Take a little less than one third of the chanterelles--the less nice looking ones--and chop them fairly fine. Add to the combined stock and water along with any trimmings from the rest of the chanterelles. Add one quarter of the minced shallot, and the chopped outer layers of the leek--the part you’d otherwise throw away--and a bit of the lighter green tops, chopped. Shuck the corn, and with a mandolin or very sharp knife, strip the kernels from the cob--try not to get big, full kernels, but rather partial ones, as for creamed corn. Add the stripped cobs to the stock, mushrooms, etc., bring to a simmer and simmer briskly, covered, for 30 minutes. Strain the stock, pushing on the mushroom bits with the back of a spoon. You should have 2 ½ cups of stock; add water to make 2 ½ cups if you're short.

When the corn cobs have cooled, use the back of a kitchen knife to scrape any remaining corn from the cobs. Add to stock.

Slice the rest of the chanterelles thin, no more than ¼-inch.

1 Tbsp butter
2 Tbsp dry vermouth or white wine

Melt the butter in a saucepan and add the remaining leeks and shallots and the chanterelles; cook gently until everything is wilted. Do not let it brown. Add the corn and vermouth or white wine, then the stock, and a couple of pinches of salt. Bring to a simmer and simmer gently, partly covered, for 20 minutes.

2/3 cup heavy cream
Black trumpets if you have them

Add the cream and simmer for another 5 minutes. Taste for seasoning. If you have some black trumpets, sauté them briefly in a bit of butter and use to garnish the soup. Make it pretty with a leaf of chervil or parsely, if you like.

Text and photos copyright 2010 by Brett Laidlaw


mdmnm said...

Glad to see you all having such a great season. We're pretty new to looking for mushrooms and haven't had much luck yet, but the SW "season" is mostly just cranking up with the late-summer rains.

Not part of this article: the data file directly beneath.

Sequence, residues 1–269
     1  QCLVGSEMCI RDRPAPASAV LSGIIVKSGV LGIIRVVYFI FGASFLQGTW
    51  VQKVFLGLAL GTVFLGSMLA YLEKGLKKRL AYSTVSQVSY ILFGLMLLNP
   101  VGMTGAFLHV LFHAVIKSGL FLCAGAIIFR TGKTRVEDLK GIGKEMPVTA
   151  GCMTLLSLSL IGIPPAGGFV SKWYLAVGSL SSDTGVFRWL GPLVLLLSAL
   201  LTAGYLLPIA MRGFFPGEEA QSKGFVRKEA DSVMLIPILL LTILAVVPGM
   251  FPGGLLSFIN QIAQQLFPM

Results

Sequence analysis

"I've never considered myself an expert; I know what I know, I learn a little at a time, and that's about it. I'm persistent, and sometimes I'm lucky." That's pretty much how I approach all things outdoors. Sometimes it works, sometimes not so much but it's always fun and satisfying to learn a bit more.

el said...

Wow, Brett, jealous down here.

Incidentally, I was gifted a two-pound whopper of a Hen of the Woods back in early June, should probably go a-hunting for them soon. Granted, this one was found (with many siblings) on a very dead tree in a newly-sunny area but still. Make hay!

I assume you're drying and freezing them, right?

Trout Caviar said...

mdmnm, happy hunting. For me foraging is simply one of the most fun things I can think of to do. It's really just roaming around in the woods, and if you bring something good to eat home, it's a bonus. The learning comes from just being there, seeing, from time to time, things you hadn't even thought to look for.

El, I'm so happy to have made you jealous, you with your farmstead chevre, your wood-fired oven, and all(!). June is crazy early for hens, but maybe not down in your tropical paradise. I have looked at a few of my go-to stumps, but nothing there yet.

Drying, blanch & freeze, IQF, pickled a la Polish 'shrooms in "Joy of Pickling", and most intriguing, vinegar-blanched then preserved in olive oil as suggested in the French book "Preserving Food without Canning or Freezing." That jar is just gorgeous, and the mixture smelled wonderfully of herbs, garlic, oil, vinegar and chanterelles. The IQF method results in a bit of a soggy tidbit once thawed, but all the aroma and much of the color is still there.

Cheers~ Brett

Faith said...


Trout Caviar said...

Sorry, Faith, we are not equipped to deliver at this time! Maybe the sequel to Real Bread should be Real 'Za. One recent baking night we made a pizza using a bit of leftover potato-chive levain dough that was unbelievable. We have also found that ciabatta--real, good, mixed-leaven ciabatta--makes an extraordinary pizza crust.

Cheers~ Brett